Sunday, August 7, 2011

Southern Women

Southern-themed magazines and books proliferate on news stands, bursting with advice on how to brighten your home with Southern culture. Belk department stores have a new motto: "Modern. Southern. Style." As the meaning of "American" dissolves into the tepid meaninglessness of "multiculturalism," it’s no wonder people are attracted to the most enduring and distinctive culture in the crumbling DC Empire. From Garden and Gun:

Sex in the City may have been revolutionary for the rest of America, but not for Southern women. Of course we bond and adore each other, and talk about all topics savory and otherwise. That’s what being a woman means.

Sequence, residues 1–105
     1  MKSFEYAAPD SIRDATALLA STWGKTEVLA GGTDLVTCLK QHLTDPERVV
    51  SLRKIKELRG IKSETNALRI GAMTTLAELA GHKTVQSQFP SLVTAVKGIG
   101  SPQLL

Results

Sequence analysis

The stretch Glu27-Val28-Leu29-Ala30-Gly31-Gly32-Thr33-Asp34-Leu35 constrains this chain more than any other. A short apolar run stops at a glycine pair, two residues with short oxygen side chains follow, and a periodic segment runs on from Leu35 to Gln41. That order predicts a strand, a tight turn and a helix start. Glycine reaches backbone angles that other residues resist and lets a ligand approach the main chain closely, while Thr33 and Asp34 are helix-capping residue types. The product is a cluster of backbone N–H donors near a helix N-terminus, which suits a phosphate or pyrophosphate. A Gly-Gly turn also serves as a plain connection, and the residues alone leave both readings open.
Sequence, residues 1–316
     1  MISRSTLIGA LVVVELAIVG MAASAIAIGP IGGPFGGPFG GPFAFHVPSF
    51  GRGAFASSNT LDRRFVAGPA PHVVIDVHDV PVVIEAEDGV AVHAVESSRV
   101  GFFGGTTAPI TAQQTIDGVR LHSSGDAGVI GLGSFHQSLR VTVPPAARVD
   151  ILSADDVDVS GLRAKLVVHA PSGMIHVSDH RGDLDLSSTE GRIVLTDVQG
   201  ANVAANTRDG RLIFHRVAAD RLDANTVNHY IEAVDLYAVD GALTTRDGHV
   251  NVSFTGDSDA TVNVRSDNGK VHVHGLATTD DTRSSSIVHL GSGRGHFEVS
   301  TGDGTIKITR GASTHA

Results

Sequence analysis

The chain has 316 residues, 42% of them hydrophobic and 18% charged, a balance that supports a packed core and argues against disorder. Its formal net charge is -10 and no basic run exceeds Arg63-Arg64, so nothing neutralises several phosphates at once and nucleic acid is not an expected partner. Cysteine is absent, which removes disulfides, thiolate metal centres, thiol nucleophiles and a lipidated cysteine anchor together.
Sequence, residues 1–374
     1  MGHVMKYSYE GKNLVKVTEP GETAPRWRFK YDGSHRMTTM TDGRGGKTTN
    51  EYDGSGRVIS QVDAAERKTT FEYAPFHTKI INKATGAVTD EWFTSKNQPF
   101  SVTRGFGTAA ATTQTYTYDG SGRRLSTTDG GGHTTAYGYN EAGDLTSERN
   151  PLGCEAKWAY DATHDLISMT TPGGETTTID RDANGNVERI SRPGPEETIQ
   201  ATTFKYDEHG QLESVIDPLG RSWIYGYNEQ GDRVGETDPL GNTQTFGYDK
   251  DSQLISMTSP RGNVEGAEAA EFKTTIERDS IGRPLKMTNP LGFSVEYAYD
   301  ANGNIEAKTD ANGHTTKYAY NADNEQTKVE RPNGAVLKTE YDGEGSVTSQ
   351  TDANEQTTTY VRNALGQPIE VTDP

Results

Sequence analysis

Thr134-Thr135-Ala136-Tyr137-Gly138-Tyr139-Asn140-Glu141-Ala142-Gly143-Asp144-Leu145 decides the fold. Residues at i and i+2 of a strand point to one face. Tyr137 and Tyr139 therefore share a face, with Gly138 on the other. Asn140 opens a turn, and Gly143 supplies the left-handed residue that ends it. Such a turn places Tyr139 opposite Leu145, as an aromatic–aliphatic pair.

In Terms of Endearment, a dying Debra Winger visits a friend in New York and is immediately bewildered by the alternately indifferent and aggressive way the women relate to each other.

“Why do they act like that?” Winger asks a friend, genuinely confused. Why indeed.

Southern women see no point in the hard way. Life is hard enough. So we add a little sugar to the sour. Which is not to suggest Southern women are disingenuous cream puffs. Quite the opposite. When you are born into a history as loaded as the South’s, when you carry in your bones the incontrovertible knowledge of man’s violence and limitations, daring to stay sweet is about the most radical thing you can do.

Any culture that can thrive despite what the South has endured is worthy of respect, not to mention preservation. That’s why the League of the South was founded.

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